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Medical Edge: Cancer survivor east whole food diet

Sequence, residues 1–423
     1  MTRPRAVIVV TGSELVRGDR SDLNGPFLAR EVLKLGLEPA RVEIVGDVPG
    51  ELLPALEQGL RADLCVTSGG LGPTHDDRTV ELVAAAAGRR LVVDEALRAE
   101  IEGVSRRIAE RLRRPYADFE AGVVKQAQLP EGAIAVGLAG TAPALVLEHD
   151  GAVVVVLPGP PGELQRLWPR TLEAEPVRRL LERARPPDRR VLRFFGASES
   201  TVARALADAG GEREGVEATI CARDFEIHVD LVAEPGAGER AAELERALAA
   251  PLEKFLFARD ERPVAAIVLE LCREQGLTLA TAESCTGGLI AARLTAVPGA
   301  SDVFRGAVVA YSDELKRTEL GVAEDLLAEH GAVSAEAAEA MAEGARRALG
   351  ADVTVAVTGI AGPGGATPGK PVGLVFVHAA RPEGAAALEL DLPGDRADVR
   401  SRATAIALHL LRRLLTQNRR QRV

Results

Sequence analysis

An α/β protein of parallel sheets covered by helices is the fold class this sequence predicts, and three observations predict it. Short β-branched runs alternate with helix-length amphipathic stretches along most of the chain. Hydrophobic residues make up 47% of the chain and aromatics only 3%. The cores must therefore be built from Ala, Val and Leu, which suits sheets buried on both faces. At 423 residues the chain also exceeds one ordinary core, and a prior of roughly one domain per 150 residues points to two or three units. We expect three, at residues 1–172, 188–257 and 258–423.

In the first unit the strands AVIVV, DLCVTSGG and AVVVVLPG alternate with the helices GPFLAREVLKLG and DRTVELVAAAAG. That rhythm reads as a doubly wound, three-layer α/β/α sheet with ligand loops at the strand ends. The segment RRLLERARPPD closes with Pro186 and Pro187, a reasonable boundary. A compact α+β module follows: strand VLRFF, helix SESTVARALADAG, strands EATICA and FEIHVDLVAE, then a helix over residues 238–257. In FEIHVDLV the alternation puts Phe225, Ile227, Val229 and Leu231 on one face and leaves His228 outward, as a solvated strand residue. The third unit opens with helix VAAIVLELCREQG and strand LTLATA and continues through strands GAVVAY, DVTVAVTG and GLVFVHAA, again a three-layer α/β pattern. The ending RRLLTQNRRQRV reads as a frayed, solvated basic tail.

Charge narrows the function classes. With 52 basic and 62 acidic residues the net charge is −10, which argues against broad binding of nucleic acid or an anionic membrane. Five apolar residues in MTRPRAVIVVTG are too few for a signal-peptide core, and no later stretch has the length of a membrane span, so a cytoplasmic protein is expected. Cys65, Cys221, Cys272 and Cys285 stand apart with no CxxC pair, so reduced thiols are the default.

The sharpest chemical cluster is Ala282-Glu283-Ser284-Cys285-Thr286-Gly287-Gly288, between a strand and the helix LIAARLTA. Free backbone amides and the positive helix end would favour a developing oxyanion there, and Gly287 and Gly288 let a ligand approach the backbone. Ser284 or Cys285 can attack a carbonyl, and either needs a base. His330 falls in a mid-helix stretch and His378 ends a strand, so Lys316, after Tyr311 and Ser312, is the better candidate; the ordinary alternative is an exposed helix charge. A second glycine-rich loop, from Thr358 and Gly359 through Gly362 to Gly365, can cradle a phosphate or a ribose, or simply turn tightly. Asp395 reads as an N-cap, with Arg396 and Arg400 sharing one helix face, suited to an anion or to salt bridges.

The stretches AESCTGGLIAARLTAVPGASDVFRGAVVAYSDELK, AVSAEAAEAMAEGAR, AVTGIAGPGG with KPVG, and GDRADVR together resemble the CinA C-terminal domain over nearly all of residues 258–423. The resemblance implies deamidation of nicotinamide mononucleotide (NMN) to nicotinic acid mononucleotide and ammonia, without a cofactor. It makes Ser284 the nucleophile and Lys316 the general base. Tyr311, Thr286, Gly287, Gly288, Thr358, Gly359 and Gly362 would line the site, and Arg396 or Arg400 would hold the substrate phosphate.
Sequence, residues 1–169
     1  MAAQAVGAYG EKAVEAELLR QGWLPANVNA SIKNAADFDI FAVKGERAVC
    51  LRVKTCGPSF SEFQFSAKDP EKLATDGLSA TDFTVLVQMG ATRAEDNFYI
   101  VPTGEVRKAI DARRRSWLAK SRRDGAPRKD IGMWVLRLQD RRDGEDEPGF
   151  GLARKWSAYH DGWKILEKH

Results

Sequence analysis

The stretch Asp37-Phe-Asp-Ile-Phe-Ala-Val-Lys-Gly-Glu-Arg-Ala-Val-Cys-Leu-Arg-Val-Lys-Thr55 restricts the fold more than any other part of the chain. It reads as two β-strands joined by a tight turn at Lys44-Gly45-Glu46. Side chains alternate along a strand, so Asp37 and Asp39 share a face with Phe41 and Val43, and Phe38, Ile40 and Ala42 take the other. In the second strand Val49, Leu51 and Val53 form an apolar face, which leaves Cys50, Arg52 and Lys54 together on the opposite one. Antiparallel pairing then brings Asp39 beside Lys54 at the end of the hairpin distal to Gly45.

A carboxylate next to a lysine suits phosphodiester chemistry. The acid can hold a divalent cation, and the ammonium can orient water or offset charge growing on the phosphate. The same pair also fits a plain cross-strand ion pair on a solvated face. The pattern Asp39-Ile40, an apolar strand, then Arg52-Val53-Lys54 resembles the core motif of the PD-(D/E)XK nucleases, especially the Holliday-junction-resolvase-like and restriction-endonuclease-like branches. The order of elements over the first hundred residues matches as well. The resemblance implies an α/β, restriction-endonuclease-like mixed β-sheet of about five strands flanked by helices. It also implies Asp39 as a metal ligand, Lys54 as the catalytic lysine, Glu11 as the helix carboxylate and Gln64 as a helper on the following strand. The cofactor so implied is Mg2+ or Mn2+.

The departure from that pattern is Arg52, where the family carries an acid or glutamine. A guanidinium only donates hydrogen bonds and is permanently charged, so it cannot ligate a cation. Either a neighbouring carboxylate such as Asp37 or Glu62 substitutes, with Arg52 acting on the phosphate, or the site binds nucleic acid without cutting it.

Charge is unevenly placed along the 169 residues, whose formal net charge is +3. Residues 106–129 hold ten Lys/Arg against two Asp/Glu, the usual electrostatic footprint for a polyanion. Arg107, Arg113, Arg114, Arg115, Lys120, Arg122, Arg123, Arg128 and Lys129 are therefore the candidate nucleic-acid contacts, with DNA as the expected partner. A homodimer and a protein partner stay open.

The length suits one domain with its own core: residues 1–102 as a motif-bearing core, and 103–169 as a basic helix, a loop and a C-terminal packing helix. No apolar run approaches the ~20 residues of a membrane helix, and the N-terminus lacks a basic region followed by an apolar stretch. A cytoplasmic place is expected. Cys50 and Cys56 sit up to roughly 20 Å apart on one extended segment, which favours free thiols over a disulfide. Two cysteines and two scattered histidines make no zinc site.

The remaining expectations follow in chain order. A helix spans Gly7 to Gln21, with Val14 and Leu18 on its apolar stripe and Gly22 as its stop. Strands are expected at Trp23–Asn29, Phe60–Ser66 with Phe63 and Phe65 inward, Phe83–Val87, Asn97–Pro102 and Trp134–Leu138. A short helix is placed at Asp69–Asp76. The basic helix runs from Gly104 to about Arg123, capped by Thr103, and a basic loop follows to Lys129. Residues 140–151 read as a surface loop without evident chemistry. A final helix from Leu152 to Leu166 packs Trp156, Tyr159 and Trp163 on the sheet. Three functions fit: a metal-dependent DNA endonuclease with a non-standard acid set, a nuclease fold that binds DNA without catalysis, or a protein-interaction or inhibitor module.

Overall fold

CINCINNATI (Liz Bonis) -- A local woman who survived cancer said a change in her diet made all the difference.A young cancer survivor said she had new hope after not just traditional treatment but also a big change in her diet. She was part of a team who said people should go see the "PlantPure Nation" documentary showing at the University of Cincinnati Thursday night, Sept. 17. It shares details on the importance of a diet based on whole foods.Laura Wilson who was diagnosed with brain cancer said, "About 14 months ago in July I had an MRI and surprise, they found a brain tumor."Wilson was grateful to many of the people who not only provided traditional treatment for glioblastoma multiforme, an aggressive high grade brain tumor; they followed it up by introducing her to a diet now growing in popularity across the country. That's thanks in part to a documentary now showing in many parts of the country called PlantPure Nation. The movie suggested people all could benefit from a vegan diet which cuts out food from animals such as meat and adds in more fruits, vegetables and whole or unprocessed foods. Doctor Rekha Chaudhary was Wilson's cancer specialist. She said in just the time Wilson has been on this type of diet, "Her MRI's have been looking really good."Wilson however said there was something else about it that was really healing, "It was something that we could do to give me a better chance and it gave us hope, which is something we didn't have in a lot of other avenues to pursue."Whether or not people want to go completely vegan, there are a lot of reasons to eat more plants in the diet. Restaurants like "Rooted," which are vegan allow people to have more options when they eat out. Really what it comes down to is a what they call a shift of the plate; rather than just covering the plate with meat and potatoes people may actually want to put more plants on the plate.Dr. T. Colin Campbell, a nutrition professor, said, "Really it's amazing; you start eating this way and the next thing you know you start craving a salad."The idea was that the earlier people start eating this way the more they give their body what it needs each day to stay well. Doctor Chaudhary said people need more science based studies to support the idea.Here's a sample of some of what's at Rooted: https://www.Youtube.Com/watch?V=9e6sa0otjse

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